Oh, sure, he came off as street smart & gruff, talking smack about smack users and transvestities and other miscreants, showing off his track marks like the badges of courage he wants them to be, living the Raymond Chandler pulp life he epitomized & canonized in his best songs. But as with every tough guy projecting an air of wizened detachment, there’s a tender heart seeking shelter from its own need for solace — it’s a cliché because it’s true. You can make a good case that he’s just reporting what he knows, drawing a rough sketch of the Warhol Factory to shock all the squares and put all those freakish fuck-ups in their lowly little place, where they belong. He’s better off without them, damn it.

I used to just think that Lou walked away from the mike during the chorus to sit back, have a smoke, and smirk to himself. God damn, he’s a clever cat, with that wordplay and that so-clumsy-it’s-real delivery. He couldn’t care less about this song if he were reading off a shopping list or a recipe for an egg cream to that same sliding bass line – it’s just a yarn he’s spinning, one of many. It’s his job; it’s what he does. But now, looking closer, when those colored girls come in for the final time, I see Lou stumble into the background, pulling his leather jacket closed, not nearly as confident as he first looked. He’s got something in his eye, god damn it, don’t bother him. And get him a fucking match, would ya? Stop looking at him like that.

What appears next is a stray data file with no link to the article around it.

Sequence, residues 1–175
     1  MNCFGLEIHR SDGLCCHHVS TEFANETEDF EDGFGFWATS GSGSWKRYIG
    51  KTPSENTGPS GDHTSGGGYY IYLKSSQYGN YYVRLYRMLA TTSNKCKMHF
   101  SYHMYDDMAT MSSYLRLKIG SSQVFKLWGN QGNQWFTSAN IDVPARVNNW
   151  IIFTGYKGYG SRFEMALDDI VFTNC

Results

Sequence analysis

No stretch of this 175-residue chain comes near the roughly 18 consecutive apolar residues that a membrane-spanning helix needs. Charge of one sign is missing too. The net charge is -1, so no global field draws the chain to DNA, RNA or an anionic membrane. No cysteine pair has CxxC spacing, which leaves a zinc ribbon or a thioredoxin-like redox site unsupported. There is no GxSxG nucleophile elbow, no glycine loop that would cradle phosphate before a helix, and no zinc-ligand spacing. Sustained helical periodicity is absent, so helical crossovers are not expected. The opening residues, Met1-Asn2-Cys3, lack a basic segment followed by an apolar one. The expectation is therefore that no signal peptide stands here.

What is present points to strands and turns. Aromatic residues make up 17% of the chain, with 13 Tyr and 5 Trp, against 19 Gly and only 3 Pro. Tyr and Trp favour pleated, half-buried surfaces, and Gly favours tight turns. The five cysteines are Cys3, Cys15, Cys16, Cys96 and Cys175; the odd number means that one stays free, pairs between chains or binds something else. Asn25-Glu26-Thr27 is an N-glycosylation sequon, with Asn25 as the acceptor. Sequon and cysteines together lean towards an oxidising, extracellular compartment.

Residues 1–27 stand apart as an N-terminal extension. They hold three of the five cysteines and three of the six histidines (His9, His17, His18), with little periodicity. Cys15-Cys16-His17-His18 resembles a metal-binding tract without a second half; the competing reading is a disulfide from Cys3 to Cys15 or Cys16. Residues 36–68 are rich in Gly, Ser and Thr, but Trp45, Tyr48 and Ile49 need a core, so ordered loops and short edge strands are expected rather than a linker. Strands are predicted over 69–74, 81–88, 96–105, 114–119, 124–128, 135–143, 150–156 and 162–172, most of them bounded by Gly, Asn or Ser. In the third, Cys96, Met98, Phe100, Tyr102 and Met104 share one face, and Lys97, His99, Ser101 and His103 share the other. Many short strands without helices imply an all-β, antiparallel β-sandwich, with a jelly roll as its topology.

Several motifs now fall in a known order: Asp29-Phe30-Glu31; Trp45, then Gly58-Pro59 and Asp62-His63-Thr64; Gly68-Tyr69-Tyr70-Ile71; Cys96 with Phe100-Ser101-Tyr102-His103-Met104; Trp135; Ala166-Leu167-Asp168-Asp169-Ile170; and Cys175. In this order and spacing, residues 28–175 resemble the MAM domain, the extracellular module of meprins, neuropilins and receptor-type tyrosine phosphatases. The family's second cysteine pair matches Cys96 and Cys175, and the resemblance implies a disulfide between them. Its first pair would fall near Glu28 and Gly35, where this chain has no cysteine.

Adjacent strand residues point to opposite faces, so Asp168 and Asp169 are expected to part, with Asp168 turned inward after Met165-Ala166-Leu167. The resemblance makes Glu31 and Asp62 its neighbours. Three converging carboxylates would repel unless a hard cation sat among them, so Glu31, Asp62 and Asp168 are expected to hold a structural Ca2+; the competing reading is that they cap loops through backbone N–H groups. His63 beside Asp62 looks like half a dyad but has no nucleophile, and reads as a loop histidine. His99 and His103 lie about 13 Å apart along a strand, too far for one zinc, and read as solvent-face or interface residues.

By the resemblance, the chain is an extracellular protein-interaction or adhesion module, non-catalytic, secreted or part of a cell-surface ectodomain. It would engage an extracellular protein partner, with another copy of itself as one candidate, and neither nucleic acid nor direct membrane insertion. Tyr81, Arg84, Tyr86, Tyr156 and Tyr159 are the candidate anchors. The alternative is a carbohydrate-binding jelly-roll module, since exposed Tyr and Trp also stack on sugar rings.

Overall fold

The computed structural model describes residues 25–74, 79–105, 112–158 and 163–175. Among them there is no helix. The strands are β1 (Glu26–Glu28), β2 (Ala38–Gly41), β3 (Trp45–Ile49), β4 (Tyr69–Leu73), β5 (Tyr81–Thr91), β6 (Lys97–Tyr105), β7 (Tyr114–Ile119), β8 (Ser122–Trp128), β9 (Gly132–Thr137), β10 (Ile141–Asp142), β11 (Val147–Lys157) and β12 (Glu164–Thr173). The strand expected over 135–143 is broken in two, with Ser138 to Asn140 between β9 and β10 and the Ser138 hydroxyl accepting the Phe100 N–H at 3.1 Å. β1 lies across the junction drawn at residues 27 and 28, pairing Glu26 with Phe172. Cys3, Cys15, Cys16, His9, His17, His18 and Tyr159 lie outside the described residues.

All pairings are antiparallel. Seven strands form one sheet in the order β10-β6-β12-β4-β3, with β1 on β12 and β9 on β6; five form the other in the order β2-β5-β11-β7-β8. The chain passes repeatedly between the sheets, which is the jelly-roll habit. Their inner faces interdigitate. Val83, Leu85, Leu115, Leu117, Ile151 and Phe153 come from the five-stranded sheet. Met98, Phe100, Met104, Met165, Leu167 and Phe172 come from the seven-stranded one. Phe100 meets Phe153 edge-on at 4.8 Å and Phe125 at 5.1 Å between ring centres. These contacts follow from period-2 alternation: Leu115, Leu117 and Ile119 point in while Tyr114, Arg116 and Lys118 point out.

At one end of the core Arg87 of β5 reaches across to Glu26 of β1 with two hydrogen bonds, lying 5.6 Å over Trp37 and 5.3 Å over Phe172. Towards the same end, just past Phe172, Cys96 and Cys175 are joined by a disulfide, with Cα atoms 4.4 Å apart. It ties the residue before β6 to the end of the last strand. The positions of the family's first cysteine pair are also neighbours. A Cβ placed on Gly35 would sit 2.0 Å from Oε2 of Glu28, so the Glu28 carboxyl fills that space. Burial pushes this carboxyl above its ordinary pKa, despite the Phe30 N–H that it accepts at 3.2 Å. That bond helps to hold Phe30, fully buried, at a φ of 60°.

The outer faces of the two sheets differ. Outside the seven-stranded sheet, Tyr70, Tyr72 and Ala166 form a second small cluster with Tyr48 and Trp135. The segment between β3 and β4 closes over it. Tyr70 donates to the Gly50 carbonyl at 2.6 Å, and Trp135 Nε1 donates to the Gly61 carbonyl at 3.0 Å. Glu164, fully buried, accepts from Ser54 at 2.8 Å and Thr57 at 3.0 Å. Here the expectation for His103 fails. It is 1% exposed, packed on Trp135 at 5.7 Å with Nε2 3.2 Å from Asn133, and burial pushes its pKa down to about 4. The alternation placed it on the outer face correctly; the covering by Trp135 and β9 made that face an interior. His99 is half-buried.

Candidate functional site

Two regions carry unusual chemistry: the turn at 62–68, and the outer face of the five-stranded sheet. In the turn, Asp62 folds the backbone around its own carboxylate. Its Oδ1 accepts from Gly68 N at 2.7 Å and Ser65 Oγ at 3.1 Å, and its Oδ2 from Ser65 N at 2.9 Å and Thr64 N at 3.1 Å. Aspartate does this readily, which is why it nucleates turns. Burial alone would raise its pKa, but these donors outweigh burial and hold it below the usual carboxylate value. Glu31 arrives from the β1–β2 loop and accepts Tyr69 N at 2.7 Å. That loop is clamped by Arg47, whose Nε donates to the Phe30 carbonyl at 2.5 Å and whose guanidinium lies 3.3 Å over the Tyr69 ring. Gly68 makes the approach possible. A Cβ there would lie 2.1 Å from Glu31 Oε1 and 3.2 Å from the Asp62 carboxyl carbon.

So Lou’s in the shadows, smoking a cigarette, while the girls’ sparkly dresses glitter with every hip dip, and every ‘doo doo doo’ is choking his throat, hitting him so hard that he can barely push the smoke out of his mouth. And know I really know what’s happening. You might think that’s a string section aping John Cale’s droning sturm & drang, bowing frantically as the sax solo darts and dives like a wet paper bag manhandled by the rank breeze coming off the Hudson. That’s really the sound of a Mr. Louis Firbank, a confused Jewish kid from Long Island 50 lives removed from such modest beginnings, finally coming to terms with the loss of a place he once called Home.